HELP WANTED THE LEMARE GROUP is accepting resumes for the following positions: • Camp Cooks (Red Seal Chef an asset) • Camp Bull Cooks Please send resumes by fax to 250-956-4888 or email to


Air Brake Course February 22 & 23

• Class 1 & 3

1st Class Driving School

Courtenay 250-897-9875 • Campbell River 250-204-9875


250-338-0725 Carriers Needed Substitute Carrier Needed

COURTENAY RTE #106 Leighton, McPhee, 3rd St, & 6th St.

COMOX RTE # 650 Highwood, Deal, Chester & Eastwicke RTE#665 Idiens Way, Aspen, Sylvan & Parry Pl.



CHANGING CAREERS? If you are unemployed, check out our Career Planning workshops. For FREE job search help call 250-334-3119. Visit 103–555 4th St. in Courtenay. The Employment Program of British Columbia is funded by the Government of Canada and the Province of British Columbia.


Instructor, Carpentry (Program to be delivered on Hornby Island) Please go to for further criteria, required qualifications and information on how to apply to posting #100662.

Full-Time Available Immediately

Auto Service Advisor/Writer

We are a fast paced, full service automotive repair facility. We are looking for a dedicated, honest, hard working individual with proven problem solving ability. Suitable applicants will possess strong written and verbal communication skills, good phone etiquette and a winning attitude. A good automotive knowledge base and appreciation for customers is key. We offer a very competitive compensation package including benefits, profit sharing and employee discounts.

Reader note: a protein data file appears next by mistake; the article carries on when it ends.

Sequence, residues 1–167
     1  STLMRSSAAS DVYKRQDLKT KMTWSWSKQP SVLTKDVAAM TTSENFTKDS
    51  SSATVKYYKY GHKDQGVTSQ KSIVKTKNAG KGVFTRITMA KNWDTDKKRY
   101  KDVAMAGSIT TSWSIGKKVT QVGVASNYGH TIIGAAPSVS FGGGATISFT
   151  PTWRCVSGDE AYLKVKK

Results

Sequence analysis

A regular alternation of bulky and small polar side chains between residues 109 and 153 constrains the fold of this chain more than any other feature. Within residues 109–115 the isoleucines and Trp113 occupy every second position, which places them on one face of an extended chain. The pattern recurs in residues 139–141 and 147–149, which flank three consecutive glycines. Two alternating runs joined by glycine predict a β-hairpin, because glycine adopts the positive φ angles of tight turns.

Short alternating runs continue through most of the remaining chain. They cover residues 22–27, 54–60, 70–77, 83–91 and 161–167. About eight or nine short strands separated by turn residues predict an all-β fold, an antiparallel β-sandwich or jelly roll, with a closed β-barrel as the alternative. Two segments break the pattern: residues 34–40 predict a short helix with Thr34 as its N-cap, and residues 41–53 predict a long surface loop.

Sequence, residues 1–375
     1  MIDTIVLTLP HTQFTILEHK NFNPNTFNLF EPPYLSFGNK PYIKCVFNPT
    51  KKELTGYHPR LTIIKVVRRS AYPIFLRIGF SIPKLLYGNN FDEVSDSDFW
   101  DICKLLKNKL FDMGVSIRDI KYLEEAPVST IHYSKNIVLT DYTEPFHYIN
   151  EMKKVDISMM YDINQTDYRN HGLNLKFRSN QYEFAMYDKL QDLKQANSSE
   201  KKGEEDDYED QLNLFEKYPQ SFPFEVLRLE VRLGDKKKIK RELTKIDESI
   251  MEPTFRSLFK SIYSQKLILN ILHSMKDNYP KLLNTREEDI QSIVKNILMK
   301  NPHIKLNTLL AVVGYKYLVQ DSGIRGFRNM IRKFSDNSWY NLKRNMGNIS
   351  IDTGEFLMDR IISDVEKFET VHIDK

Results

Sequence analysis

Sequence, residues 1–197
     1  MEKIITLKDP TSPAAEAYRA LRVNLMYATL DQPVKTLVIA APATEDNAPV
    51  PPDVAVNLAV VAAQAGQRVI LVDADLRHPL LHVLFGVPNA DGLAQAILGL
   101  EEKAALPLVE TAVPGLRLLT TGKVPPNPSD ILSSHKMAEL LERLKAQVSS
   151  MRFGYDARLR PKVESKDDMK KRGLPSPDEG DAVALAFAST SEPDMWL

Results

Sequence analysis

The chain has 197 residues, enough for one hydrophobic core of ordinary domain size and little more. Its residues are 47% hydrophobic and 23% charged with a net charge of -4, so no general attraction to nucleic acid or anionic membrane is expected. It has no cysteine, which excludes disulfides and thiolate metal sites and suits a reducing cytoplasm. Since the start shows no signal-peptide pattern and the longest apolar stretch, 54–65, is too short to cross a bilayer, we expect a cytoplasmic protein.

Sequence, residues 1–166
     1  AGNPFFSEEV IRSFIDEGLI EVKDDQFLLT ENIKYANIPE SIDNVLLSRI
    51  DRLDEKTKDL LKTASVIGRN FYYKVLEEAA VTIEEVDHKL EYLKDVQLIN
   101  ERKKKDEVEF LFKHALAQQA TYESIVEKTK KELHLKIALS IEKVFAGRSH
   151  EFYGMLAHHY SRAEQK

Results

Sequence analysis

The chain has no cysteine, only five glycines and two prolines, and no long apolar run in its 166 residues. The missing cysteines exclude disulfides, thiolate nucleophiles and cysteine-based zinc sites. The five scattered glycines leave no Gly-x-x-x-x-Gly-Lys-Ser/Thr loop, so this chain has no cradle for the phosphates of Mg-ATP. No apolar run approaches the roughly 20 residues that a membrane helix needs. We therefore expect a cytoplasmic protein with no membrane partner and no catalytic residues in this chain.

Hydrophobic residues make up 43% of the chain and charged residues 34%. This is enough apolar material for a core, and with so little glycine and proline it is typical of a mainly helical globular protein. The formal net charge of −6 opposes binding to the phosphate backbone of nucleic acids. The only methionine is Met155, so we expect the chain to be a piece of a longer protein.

Only those selected for further consideration will be contacted. Please apply to drawer # 4555 Comox Valley Record 765 McPhee Ave, Courtenay V9N 2Z7

MEDICAL/DENTAL CERTIFIED Dental Assistant needed. Dr. Wade Luksay at Riverway Dental is looking for an experienced CDA to join his team three days per week. An energetic, self-motivated, team player with a prostho module would be considered an asset. Please send CV to

Comox Valley Record Hours: MONDAY TO FRIDAY 8:30AM-5:00PM 765 MCPHEE AVE. COURTENAY

NOW HIRING FOR POSITION IN MANAGEMENT for First Choice Hair Cutters in their Courtenay location. Guaranteed $12/hour, 25% profit sharing, paid overtime, benefits, paid birthday, vacation pay, annual advanced training and advancement opportunities. Phone 1-866472-4339 today for an interview or send a resume to


HOBBIES & CRAFTS GRINSHEEP FIBRE Productions. 1265 Leffler Rd. (across from the Wildlife Centre in Errington) Offering felting, spinning, knitting & weaving supplies at reasonable rates. Open Tues - Sat., 1 - 5 or by appt. Call 250-248-6306 or email:



250-650-1333 SKILLED carpenter. Licensed & certified. Free estimates, Call Doug

HOT TUB (SPA) COVERS. Best price. Best quality. All shapes & colours available. 1-866-652-6837 newspaper?